Stephen Sondheim's musical "Company" opened on Broadway in the Spring of 1970, and tradition dictates that the cast recording is done on the first Sunday after opening night. D.A. ...
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Following five couples and their friend Robert (Neil Patrick Harris), the perpetual bachelor, Company explores the true meaning of being in a relationship through a series of vignettes. ... See full summary »
Neil Patrick Harris,
This film from acclaimed theater director Lonny Price charts the journey of the original cast of Stephen Sondheim's "Merrily We Roll Along" in the 30-plus years since the musical debuted on Broadway at the Alvin Theatre in 1981.
Danny has been sent to boarding school, in this sequel to The Year My Voice Broke. Against a backdrop of bullying and sadistic teachers Danny strikes up an affair with an African girl, ... See full summary »
This movie is a recorded performance in concert. It all begins when Benjamin Barker( George Hearn), a mysterious,quiet,and subtle barber, returns to his hometown in London after escaping ... See full summary »
Neil Patrick Harris
Once a year, the Dream Boat sets sail - a cruise only for gay men. Far from their families and political restrictions, we follow five men from five countries on a quest for their dreams. ... See full summary »
Stephen Sondheim's musical "Company" opened on Broadway in the Spring of 1970, and tradition dictates that the cast recording is done on the first Sunday after opening night. D.A. Pennebaker, the now-legendary documentarian, filmed the production of the original cast recording, the back and forth between Sondheim and the performers, and the dynamic of trying to record live performance. The film climaxes with Elaine Stritch's performance of "The Ladies Who Lunch". The show won 6 Tony Awards including "Best Musical" and ran for two years on Broadway. Written by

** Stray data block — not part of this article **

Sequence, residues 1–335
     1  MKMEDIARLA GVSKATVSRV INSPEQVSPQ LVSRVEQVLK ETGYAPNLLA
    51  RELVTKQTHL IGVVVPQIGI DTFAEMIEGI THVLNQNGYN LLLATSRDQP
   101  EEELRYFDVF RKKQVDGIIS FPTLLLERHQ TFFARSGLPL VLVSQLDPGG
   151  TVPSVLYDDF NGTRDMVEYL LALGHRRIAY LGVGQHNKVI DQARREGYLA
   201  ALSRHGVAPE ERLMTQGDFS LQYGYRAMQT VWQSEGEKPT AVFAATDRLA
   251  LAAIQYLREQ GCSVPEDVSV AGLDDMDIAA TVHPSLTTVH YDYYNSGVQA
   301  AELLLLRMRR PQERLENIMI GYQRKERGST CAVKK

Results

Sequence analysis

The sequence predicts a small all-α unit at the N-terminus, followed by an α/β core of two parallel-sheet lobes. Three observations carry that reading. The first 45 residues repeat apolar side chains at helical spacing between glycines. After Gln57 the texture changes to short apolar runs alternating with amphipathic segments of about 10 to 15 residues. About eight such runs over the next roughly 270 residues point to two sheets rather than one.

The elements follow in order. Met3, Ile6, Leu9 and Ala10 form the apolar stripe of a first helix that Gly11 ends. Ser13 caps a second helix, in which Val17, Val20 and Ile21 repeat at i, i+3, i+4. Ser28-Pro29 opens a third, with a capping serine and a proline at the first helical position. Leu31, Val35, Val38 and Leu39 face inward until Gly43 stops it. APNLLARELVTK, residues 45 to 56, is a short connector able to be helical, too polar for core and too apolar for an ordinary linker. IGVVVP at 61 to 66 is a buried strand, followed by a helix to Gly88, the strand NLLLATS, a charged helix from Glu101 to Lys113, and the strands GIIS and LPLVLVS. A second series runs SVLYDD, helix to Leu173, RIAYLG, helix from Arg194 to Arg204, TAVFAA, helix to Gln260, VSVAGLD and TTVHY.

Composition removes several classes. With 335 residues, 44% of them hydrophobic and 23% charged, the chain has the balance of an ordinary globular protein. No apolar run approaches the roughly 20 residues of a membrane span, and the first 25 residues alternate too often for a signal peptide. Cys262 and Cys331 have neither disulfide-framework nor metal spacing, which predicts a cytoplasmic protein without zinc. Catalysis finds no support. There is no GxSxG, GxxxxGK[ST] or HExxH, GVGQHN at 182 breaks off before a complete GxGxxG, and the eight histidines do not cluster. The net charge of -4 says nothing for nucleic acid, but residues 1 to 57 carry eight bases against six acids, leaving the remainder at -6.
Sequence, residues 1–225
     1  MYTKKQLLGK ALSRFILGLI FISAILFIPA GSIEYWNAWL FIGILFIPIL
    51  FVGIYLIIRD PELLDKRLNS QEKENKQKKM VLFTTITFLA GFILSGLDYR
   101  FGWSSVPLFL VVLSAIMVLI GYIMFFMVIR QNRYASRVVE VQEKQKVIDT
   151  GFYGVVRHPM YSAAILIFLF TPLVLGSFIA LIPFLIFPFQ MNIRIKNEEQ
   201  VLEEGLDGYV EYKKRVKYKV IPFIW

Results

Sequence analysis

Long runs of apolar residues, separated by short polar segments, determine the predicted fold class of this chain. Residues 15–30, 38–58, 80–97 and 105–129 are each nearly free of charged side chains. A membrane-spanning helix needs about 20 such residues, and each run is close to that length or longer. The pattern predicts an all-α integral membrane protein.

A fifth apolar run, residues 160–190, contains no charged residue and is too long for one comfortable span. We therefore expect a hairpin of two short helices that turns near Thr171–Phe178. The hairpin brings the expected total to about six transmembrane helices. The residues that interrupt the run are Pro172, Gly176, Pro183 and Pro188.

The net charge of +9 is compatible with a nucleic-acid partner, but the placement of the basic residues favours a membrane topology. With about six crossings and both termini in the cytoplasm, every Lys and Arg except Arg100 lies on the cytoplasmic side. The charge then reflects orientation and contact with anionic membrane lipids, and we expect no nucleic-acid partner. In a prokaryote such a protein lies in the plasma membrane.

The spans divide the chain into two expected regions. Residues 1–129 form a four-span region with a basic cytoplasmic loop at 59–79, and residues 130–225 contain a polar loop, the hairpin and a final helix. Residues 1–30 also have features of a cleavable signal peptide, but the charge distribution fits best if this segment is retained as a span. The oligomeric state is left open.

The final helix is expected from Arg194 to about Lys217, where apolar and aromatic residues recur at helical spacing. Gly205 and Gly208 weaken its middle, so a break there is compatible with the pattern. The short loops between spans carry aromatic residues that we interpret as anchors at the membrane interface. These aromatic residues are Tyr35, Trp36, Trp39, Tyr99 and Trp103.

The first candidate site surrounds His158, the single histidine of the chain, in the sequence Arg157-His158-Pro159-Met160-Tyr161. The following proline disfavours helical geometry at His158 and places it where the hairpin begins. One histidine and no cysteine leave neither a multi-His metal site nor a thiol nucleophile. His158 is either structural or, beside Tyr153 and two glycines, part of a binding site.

This was apparently the pilot for a documentary series on cast recordings, and it's a shame it didn't come to fruition, because it's really quite good.
I was not familiar with Sondheim beyond a handful of songs that you just hear everywhere (like Send in the Clowns) and even though this is just a few songs from the musical, it was a revelation, particularly Barcelona and Ladies Who Lunch. I'm sure the full production was excellent, but these talented people singing these brilliant songs into their microphones was wonderful as well.
The most fascinating part is the final section, in which Elaine Stritch gives a powerful performance of Lunch that was not, apparently, good enough for the album. It's a great example of the difference between a live performance and a recorded one; as a live performance it was incredible, but it drove her mad.
Well worth watching.
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